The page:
What Does Future Endeavors Mean? (7 Ways To Say Goodbye To A Colleague)

Knowing what to say to a colleague that’s leaving can be tricky to figure out, but it doesn’t have to be. There are plenty of potential goodbye messages you can use in an email format. Let’s start by looking at future endeavors and how we can use them in an email.

What Does Future Endeavors Mean?

The meaning of “future endeavors” is that someone will be taking on new challenges and will attempt to achieve something new. An “endeavor” is a way to attempt something new and potentially achieve something you didn’t know you could before. Saying that these endeavors are in the “future” means that they will happen later on (basically showing that they will start after the colleague has left your job).

It’s a formal way to say goodbye that really means a lot to a lot of colleagues. If you’re serious about wishing them luck in whatever they’re going off to do, then you should consider using “future endeavors” to do so. Of course, you couldn’t just say that phrase on its own. You’ll want to say something like “good luck in your future endeavors” if you’re going to use the phrase properly.

Typically, on its own, “future endeavors” mean something that someone will attempt later in life. It doesn’t suggest that you’re proud of them for trying these things out or that you wish them luck and all the best in doing it. We include that afterward in a business email format to let our colleagues know that we will miss them and wish them all the best in the future!

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Is The Correct Spelling “Future Endeavors” Or “Future Endeavours”?

There are some very notable language differences between the two main forms of English. You have American English (spoken in the US) and British English (spoken in the UK and the rest of the world). Because of these two variations of English, it’s important to know which spellings and words work in one language that might not work all that well in others. That’s where the spelling for “endeavors” comes in.

In American English, the “u” is left out at the end of the word. This means that “future endeavors” is the correct spelling. It is left out because American English took a step in the past to simplify their language and tried to remove as many redundant letters as they could from words that they didn’t believe needed them.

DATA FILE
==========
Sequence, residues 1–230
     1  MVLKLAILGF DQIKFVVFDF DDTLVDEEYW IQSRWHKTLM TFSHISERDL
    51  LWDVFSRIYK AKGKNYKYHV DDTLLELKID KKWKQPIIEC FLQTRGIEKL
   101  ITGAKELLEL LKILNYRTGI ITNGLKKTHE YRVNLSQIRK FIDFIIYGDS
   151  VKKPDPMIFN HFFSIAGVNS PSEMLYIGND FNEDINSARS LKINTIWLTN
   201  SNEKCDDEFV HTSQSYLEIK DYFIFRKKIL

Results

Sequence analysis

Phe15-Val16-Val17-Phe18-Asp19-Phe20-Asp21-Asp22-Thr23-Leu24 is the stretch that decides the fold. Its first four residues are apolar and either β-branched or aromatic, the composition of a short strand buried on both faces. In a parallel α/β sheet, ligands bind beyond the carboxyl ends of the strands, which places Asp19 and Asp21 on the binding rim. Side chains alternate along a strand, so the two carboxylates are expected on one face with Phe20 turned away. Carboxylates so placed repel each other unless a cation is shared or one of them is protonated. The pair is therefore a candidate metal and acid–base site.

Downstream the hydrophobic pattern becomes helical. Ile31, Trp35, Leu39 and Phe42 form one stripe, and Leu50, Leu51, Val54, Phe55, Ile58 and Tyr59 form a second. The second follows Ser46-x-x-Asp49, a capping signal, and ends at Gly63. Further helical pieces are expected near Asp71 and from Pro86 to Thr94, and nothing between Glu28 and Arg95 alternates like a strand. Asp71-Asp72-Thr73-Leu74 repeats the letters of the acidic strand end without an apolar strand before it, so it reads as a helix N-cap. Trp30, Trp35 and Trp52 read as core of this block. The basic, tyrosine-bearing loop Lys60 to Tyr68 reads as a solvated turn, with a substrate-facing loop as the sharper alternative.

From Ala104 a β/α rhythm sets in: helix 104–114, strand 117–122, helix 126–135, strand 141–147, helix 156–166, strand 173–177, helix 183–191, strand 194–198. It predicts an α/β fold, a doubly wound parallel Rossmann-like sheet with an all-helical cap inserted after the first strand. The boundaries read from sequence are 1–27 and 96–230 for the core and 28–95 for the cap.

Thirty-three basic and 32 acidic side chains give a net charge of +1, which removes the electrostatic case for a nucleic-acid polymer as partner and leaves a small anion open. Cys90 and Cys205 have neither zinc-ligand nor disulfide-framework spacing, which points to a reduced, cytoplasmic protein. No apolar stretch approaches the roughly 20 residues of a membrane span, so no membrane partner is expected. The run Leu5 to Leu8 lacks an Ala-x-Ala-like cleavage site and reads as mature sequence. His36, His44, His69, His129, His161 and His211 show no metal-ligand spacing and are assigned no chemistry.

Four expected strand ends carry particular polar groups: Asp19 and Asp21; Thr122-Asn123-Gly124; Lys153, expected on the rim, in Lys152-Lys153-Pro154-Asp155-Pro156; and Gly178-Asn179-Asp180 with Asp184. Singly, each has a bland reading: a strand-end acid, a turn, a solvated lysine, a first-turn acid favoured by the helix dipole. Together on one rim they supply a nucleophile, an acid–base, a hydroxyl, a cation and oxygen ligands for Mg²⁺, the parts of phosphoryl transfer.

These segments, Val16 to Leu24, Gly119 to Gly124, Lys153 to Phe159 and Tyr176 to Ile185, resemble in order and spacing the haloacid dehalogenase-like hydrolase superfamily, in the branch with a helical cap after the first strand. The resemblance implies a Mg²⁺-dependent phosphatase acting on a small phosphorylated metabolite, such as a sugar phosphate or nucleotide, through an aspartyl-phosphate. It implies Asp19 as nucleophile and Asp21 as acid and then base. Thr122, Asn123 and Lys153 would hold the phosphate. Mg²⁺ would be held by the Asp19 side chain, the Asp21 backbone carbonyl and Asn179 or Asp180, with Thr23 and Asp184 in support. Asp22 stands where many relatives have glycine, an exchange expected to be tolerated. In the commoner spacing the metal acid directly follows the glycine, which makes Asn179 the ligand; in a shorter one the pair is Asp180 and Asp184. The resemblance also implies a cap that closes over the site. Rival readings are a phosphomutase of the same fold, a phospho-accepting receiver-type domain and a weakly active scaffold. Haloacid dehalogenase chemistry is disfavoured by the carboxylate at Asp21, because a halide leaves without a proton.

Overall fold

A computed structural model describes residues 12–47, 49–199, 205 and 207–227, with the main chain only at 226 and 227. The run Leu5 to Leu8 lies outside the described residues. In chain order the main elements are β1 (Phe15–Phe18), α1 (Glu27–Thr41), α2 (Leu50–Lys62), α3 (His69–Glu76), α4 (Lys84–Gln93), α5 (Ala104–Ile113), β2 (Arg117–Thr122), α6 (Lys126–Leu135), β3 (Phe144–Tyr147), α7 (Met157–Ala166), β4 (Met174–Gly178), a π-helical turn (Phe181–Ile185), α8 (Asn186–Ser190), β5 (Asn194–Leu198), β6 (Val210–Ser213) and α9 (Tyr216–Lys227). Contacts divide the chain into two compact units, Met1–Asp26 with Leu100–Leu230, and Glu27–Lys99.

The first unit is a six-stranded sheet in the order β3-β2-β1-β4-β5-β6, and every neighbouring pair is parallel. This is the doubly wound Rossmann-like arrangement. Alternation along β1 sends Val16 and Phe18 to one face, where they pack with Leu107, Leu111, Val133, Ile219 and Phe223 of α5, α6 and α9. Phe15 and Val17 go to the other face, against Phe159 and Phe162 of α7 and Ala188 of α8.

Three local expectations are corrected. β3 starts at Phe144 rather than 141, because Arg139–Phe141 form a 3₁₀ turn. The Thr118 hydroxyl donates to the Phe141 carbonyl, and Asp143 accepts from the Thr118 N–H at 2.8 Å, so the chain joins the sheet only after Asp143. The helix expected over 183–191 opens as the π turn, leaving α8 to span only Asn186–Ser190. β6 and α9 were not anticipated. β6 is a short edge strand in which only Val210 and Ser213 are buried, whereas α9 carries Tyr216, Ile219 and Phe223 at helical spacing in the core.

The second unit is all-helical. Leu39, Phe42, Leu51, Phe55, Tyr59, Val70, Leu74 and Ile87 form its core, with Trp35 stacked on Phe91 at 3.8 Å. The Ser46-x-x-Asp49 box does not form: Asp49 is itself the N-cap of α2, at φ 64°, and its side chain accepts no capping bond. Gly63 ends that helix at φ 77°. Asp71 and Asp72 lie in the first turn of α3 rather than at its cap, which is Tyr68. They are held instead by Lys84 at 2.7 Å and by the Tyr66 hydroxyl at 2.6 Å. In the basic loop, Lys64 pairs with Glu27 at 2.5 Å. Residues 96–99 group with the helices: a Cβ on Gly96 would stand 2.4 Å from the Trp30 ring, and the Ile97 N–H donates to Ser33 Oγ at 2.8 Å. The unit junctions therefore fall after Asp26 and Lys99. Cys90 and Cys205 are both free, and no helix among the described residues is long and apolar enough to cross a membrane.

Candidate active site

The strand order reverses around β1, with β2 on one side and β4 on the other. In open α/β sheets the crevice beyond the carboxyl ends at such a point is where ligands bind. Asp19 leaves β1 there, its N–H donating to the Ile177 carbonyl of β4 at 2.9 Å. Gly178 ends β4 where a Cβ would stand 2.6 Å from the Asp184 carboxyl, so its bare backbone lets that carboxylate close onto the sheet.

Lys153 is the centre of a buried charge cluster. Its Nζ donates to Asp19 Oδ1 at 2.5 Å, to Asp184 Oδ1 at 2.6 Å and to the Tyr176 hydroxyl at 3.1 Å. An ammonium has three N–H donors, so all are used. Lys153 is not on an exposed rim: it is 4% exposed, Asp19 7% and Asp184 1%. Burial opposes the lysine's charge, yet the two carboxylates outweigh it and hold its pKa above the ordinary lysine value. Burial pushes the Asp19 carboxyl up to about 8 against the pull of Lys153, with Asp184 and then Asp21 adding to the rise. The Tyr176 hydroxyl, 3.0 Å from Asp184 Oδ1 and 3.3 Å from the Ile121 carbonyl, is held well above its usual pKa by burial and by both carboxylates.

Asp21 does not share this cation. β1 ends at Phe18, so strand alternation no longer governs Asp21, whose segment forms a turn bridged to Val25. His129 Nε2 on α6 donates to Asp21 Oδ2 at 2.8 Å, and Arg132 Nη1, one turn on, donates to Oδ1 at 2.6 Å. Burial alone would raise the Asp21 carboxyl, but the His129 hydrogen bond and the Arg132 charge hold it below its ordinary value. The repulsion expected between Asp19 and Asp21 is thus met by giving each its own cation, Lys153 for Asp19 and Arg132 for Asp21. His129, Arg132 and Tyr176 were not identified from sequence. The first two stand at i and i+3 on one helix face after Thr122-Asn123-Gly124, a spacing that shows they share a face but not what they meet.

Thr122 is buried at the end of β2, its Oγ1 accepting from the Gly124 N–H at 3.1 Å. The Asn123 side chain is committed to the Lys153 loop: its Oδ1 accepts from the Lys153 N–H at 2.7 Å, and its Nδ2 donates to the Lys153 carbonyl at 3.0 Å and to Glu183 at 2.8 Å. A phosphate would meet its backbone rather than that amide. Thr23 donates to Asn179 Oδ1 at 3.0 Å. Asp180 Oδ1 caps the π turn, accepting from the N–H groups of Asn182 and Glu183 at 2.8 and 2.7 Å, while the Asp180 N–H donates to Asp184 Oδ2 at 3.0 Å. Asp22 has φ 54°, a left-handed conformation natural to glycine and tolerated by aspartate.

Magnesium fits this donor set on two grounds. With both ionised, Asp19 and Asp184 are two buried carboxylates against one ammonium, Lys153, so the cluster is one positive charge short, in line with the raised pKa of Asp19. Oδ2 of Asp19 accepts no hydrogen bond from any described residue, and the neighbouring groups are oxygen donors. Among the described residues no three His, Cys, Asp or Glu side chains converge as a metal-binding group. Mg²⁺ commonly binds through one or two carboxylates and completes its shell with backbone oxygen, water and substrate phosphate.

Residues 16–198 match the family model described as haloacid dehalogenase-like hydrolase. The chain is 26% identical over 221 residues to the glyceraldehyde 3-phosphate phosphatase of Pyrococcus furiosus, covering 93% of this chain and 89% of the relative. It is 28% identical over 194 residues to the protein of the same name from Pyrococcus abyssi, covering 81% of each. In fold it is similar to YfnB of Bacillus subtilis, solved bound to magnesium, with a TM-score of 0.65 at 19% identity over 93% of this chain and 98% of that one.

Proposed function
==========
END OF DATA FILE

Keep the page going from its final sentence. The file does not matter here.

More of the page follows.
However, British English stays true to the original spellings (which mostly come from the Latin roots of the language). This means that you need to keep the “u” in British English if you want to write “future endeavours” properly. This same rule applies to multiple other words in American and British English. For example, the “u” is removed in “colour” and “favourite,” which are both words in British English. In American English, they use “color” and “favorite.”

Example Goodbye Emails Using Future Endeavors

Now that we’ve got the spelling and meaning sorted, it’s time to look through some examples of using the phase. Of course, the most common time to talk about “future endeavors” is when we’re writing a send-off email for a work colleague or somebody we know. As we’ve mentioned, it’s a formal saying, which is why it’s most common to use it in a business environment. You typically don’t want to use it when one of your friends is trying something new.

  1. Good luck, Paul, in all your future endeavors. We will miss you.
  2. Here’s to all your future endeavors! Good luck!
  3. Best of luck with your future endeavors. I can’t wait to hear how you get on.

The implication behind wishing someone luck for their “future endeavors” is that you don’t generally expect to hear back from them. That’s part of the reason why the phrase doesn’t work well with friends and family. If you’re saying goodbye to a colleague, you won’t hear from that former colleague again more often than not. We say “good luck on your future endeavors” to leave the future ambiguous.

Also, the exact occurrence or event considered the “future endeavor” doesn’t have to be specific. It’s often meant that the “future endeavor” is the new job that the colleague is moving to. However, it’s also a blanket term that covers everything else that comes after that new job in the future.